“The Muslim Family Law Ordinance, 1961 (MFLO) did not automatically deprive a mother of her right to custody of her child if she remarried a non-mahram. The court held that the MFLO should be interpreted in a way that is in the best interests of the child, and that this may include granting custody to the mother even if she remarries a non-mahram.”

This decision is a significant step towards gender equality in Bangladesh and will likely serve as a precedent in future cases. So, we have the laws and all other resources to ensure the equal justice for divorced and widowed women, than why this is still a huge concern for the mothers?

The reason why equal justice for divorced and widowed women is still a significant concern for mothers in Bangladesh is due to the way the Muslim Family Law Ordinance, 1961 (MFLO) is interpreted and applied in court. According to the MFLO, the father has the automatic right to custody of his children, and if a mother remarries someone who is not a mahram, she loses her automatic right to custody. This means that if a mother wants custody after remarriage, she must go to court, and the father will likely argue that her remarriage is not in the best interests of the children, seeking sole custody. In these legal battles, lawyers for both parties can manipulate certain factors to restrain a mother from remarrying. They might exploit the ambiguity in the MFLO's interpretation to argue against the mother's custody claim. Additionally, determining what is in the best interests of the children can be subjective, leading to further disputes. Moreover, there is still social stigma surrounding divorce and remarriage for women, making some mothers hesitant to fight for custody due to fear of judgment.

In the aftermath of divorce, women face a multitude of challenges that can further worsen due to discriminatory practices. Pressure from both their former spouses and their own families might compel them to return to toxic households they had left. Societal expectations and pressures also influence their decisions, with communities sometimes pushing them back into harmful or abusive marriages. This entrapment makes it difficult for women to break free from damaging relationships. In patriarchal societies, women continuously battle for their rights and equal treatment. Discrimination persists in various aspects of life, such as education, employment, and social status, limiting their opportunities for personal and professional growth. Seeking justice in cases of gender-based discrimination becomes a slow and arduous process, with delays in the legal system hindering the justice they rightfully deserve. It's important to note that patriarchy isn't solely perpetuated by men; women may also play a role in upholding gender inequalities, further complicating the struggle for gender equality.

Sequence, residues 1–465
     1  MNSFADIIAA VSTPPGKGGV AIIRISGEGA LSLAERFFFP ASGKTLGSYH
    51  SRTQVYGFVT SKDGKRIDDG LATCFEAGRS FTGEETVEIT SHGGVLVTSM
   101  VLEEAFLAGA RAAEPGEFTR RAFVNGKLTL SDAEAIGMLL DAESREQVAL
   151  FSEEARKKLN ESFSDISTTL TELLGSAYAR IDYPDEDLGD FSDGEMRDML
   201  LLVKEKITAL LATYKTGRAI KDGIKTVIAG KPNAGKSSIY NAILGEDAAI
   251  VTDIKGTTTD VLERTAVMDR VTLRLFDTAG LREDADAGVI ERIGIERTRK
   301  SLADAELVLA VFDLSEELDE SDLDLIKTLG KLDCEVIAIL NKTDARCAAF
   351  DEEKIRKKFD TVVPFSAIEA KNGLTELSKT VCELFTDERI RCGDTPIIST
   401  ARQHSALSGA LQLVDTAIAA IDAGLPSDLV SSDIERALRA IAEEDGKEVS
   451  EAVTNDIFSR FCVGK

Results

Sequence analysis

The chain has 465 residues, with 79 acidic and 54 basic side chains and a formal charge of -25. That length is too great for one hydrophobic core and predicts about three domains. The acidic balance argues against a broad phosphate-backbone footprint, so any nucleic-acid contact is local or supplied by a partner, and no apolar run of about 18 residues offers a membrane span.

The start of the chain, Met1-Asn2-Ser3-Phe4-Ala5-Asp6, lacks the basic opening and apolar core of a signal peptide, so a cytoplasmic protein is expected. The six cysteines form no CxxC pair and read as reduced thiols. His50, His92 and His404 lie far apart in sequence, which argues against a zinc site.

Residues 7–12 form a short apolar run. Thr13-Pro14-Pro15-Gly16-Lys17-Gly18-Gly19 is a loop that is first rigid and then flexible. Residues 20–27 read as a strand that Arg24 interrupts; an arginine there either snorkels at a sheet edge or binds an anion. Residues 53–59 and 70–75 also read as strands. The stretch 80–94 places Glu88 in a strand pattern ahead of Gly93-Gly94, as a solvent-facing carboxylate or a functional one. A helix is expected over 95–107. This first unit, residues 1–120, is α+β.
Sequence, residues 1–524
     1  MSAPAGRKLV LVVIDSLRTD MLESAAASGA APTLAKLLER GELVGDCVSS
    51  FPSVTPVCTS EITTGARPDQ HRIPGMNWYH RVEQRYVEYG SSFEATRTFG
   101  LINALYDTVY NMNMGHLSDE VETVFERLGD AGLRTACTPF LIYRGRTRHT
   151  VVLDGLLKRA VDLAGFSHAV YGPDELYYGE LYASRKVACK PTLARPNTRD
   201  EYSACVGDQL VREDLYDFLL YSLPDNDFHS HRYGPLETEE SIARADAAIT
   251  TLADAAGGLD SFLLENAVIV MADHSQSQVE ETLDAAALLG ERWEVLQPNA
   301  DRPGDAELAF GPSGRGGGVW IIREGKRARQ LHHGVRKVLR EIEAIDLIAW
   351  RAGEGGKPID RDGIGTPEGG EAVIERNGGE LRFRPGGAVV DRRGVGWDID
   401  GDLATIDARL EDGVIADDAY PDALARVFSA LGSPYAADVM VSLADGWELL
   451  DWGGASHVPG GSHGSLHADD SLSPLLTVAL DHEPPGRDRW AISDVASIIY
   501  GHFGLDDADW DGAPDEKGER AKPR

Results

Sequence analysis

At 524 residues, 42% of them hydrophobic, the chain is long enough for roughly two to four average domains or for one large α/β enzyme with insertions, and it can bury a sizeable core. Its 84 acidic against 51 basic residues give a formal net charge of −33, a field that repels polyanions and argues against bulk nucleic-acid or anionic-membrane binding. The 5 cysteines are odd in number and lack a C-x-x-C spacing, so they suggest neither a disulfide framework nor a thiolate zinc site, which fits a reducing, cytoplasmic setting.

Now, let's look into the statistics surrounding divorce in Bangladesh:

 In Bangladesh, 70% of divorced women cited domestic abuse as the reason for their marriages ending (BNWLA, 2018). Extramarital affairs contributed to 20% of divorces (BBS, 2019), and 15% were due to dowry-related issues (BWHC, 2017). Surprisingly, 75% of divorces were filed by women themselves (Bangladesh Supreme Court, 2020). These statistics reveal the challenges women face during divorce. Obtaining full dower money can take 7 years or longer, causing immense hardship (BNWLA, 2018). Only 30% of fathers received guardianship, leaving women to raise children without adequate support (BNWLA, 2018). Such challenges impact their lives, making it tough to provide for their children and move forward.